The best way – at present – to reduce the risk of Internet banking fraud is through the widespread rollout of secure authentication tokens. These, used in conjunction with a challenge-response scenario, could go a long way to prevent the kind of online banking scams that hit South Africa last year and regularly make headlines around the world.
Secure authentication is the process by which your bank or financial institution verifies that you are who you say you are. Today, electronic banking systems can authenticate a user by examining three criteria: what you have (eg, your banking card), what you know (eg, your password) and what you are (eg, biometric scanning of your fingerprint or retina). Systems that utilise all three factors are inherently more secure than those that only make use of one.
This is where the problems with Internet banking arise. Although card readers as well as biometric devices are available for most PCs and laptop computers, they are not widely used by the general online banking client. As a result, user authentication within the Internet banking domain is limited to what you know - your password.
Because Internet passwords today are based on static data - the user enters the same password each time he or she logs on to the banking website - hackers can record passwords while they are being entered and can then use them to gain fraudulent access to Internet banking accounts. Using dynamic passwords for online authentication would serve to close this particular loophole in the security system.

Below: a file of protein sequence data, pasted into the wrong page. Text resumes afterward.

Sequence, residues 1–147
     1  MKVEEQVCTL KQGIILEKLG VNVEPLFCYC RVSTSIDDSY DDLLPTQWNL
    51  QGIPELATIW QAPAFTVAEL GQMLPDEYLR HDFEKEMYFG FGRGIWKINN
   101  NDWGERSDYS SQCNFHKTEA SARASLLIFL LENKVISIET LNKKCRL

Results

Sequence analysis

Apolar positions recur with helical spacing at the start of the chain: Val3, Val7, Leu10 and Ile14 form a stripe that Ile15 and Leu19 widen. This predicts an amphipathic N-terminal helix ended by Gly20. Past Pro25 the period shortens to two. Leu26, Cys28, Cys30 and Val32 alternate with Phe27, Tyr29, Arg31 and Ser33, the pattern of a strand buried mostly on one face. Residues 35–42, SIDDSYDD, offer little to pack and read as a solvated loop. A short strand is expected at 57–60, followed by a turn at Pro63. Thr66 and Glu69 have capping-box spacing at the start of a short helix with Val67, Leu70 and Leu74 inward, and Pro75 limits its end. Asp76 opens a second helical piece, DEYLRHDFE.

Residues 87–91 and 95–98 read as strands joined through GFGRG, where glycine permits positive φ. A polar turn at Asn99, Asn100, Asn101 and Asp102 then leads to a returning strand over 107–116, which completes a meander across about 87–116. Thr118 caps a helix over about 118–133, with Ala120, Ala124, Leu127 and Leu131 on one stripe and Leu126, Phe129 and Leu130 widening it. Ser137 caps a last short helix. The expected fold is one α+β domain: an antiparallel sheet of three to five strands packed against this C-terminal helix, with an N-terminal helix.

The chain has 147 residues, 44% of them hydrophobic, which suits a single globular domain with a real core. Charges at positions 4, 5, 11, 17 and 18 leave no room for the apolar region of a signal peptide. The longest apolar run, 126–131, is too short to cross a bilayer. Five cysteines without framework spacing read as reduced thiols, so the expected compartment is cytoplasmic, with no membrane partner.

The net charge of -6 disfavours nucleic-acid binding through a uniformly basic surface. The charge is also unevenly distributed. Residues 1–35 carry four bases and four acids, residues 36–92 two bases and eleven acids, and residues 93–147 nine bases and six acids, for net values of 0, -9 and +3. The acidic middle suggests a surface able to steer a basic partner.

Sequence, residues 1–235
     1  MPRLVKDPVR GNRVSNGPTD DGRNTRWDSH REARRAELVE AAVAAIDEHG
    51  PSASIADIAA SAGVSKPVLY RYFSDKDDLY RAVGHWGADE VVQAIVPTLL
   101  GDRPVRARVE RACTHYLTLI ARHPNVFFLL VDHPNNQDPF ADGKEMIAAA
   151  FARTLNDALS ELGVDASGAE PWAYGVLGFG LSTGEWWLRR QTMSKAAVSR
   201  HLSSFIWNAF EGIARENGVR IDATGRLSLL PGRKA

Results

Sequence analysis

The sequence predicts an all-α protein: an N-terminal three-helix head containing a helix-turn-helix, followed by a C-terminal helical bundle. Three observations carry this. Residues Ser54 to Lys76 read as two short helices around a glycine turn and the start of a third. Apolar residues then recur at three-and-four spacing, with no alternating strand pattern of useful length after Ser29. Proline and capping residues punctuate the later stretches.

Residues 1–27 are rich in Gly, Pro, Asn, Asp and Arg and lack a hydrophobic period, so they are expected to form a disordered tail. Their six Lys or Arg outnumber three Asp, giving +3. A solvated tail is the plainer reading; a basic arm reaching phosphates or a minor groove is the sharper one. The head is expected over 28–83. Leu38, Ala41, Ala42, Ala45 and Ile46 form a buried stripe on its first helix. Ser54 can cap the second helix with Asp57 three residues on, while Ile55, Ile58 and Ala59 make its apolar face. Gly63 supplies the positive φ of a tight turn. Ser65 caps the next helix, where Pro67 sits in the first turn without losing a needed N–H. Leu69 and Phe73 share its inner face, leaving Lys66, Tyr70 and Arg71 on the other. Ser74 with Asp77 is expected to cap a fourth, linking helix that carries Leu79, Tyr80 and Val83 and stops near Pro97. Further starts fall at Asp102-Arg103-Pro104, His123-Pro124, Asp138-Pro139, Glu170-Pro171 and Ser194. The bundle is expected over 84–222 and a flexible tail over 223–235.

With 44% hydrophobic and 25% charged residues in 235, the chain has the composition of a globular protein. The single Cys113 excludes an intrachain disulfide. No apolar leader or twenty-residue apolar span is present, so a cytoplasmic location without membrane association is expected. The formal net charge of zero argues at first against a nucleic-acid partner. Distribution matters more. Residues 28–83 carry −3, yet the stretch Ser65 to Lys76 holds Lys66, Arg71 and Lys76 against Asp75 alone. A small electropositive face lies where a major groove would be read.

Using dynamic data for passwords
Broadly speaking, dynamic data authentication involves the use of a secure authentication token that allows Internet banking clients, in unison with back-end banking systems, to dynamically generate a new password each time an Internet banking session is initiated.
Since this password changes from one session to the next, there is no value in hackers attempting to record it.
Key to this process is the secure authentication token, which usually takes the form of a small handheld device and which comes with or without a keypad and smartcard reader. Using advanced encryption techniques, these tokens provide Internet banking users with access to the same unique log-on passwords as that generated by the back-end banking system. In this way the legitimate banking client and the bank are always in sync.